Big Time Rush: 24/Seven
America’s premier boyband is back with their third studio album. This time around, the guys exert more creative control, with writing credits on almost every track. The music, like on their first two albums, is true pop, taking influence from rock, R&B, and dance music. The lyrics may be a little cliché and simplistic, but the songwriting and arrangements are consistently great, and the production on 24/Seven is noticeably better than on the band’s previous efforts.
Though BTR is responsible for starting the current boyband revival, their association with Nickelodeon and their television show have cast them in an undeservedly poorer light than UK counterparts One Direction. Like the Monkees before them, Big Time Rush is struggling to prove their validity and autonomy as serious artists. This is particularly interesting in the world of boybands, where prefabrication and high-production values are prerequisites.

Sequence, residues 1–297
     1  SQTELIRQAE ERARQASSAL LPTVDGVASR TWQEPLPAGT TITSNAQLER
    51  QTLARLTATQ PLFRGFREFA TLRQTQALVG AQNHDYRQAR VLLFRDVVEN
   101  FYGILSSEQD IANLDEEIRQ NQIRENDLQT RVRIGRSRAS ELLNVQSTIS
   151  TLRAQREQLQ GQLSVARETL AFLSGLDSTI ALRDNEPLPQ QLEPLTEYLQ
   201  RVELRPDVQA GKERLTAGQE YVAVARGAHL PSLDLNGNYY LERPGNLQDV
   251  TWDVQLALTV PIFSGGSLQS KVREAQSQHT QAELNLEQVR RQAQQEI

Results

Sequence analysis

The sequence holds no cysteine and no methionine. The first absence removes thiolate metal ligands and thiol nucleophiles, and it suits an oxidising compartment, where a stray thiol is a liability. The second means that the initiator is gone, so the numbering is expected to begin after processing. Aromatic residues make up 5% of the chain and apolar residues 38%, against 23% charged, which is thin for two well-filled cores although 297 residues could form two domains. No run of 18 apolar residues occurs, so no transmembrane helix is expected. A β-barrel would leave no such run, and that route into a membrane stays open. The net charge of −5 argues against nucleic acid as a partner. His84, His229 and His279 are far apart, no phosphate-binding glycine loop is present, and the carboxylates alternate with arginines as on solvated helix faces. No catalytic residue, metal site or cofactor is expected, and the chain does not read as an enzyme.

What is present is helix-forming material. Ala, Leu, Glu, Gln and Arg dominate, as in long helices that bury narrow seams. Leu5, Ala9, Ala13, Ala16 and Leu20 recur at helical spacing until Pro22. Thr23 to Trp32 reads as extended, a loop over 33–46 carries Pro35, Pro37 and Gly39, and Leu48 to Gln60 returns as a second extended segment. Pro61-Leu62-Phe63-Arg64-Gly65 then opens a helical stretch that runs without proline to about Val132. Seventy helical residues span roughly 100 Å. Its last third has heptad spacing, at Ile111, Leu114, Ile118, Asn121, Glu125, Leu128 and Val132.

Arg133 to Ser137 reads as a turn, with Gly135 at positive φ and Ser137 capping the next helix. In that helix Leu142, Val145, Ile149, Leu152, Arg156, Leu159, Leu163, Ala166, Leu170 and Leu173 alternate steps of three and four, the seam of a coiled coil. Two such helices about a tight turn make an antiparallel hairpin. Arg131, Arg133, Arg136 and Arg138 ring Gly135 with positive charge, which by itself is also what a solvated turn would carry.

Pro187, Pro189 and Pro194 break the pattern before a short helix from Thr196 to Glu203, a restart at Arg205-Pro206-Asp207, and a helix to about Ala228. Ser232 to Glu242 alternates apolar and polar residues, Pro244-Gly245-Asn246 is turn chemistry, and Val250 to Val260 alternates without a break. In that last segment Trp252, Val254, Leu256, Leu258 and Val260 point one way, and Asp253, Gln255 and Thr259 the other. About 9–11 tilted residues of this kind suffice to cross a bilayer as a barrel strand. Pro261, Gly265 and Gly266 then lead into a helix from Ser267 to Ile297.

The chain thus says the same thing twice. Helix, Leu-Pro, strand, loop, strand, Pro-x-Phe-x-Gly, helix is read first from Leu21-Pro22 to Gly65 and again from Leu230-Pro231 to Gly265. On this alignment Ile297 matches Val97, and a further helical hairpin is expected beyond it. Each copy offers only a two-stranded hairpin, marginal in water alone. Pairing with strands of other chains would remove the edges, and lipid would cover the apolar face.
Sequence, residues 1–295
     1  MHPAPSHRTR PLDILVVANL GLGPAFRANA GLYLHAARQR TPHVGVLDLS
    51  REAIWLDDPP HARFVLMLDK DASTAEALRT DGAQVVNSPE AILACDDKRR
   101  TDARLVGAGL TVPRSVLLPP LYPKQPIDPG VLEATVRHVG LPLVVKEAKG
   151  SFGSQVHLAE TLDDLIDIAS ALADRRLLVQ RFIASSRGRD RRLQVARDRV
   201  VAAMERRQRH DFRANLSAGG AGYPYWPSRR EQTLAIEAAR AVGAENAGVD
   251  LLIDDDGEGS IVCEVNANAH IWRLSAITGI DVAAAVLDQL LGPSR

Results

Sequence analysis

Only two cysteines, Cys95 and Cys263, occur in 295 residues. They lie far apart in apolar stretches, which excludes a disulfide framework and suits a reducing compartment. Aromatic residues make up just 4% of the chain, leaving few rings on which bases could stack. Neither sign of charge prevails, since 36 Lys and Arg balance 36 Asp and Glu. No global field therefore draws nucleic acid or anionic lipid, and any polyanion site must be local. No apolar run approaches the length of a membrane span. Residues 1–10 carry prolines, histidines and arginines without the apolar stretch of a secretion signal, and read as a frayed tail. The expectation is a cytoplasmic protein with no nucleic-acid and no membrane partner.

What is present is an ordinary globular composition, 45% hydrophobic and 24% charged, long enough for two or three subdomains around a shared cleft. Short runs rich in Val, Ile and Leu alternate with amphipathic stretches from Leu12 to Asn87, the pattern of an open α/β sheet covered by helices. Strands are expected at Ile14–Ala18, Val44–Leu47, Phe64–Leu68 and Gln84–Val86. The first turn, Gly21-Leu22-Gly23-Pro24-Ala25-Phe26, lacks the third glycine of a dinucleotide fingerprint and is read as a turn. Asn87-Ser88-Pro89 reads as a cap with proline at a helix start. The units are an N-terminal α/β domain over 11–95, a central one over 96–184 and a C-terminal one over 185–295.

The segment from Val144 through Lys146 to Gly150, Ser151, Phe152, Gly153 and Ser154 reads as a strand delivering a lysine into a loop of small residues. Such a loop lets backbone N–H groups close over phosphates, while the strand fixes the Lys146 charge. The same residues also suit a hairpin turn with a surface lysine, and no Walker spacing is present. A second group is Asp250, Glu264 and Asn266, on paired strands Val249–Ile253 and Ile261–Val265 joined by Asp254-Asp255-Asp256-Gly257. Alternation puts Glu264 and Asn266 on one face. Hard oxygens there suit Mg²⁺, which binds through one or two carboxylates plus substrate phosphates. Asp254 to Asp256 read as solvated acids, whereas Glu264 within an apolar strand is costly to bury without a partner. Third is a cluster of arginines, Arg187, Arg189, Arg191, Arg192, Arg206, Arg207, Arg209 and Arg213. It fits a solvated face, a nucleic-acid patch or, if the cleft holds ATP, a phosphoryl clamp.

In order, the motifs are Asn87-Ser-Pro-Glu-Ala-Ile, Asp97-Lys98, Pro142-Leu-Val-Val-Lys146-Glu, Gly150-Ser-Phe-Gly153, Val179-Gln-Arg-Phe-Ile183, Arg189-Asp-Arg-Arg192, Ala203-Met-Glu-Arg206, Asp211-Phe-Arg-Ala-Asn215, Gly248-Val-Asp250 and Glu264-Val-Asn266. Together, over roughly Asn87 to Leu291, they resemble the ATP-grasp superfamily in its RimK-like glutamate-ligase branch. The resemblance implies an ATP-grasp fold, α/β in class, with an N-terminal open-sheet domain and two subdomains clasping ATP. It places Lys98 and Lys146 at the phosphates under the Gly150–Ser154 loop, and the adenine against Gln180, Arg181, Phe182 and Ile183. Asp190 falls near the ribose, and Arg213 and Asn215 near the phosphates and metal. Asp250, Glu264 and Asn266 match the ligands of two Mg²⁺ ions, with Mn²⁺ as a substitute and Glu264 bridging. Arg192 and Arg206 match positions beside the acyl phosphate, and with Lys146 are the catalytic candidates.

On 24/Seven, each of the four guys shines vocally, and their songwriting proves to be more harmonically adventurous than most pop groups today, recalling the classic late-90s boyband era. Though not every song stands out from the pack, the quality is more consistently great here than on BTR and Elevate. The opening title track and lead single, “Like Nobody’s Around,” and the reggae-styled “Crazy for U,” in particular are among the band’s best songs to date.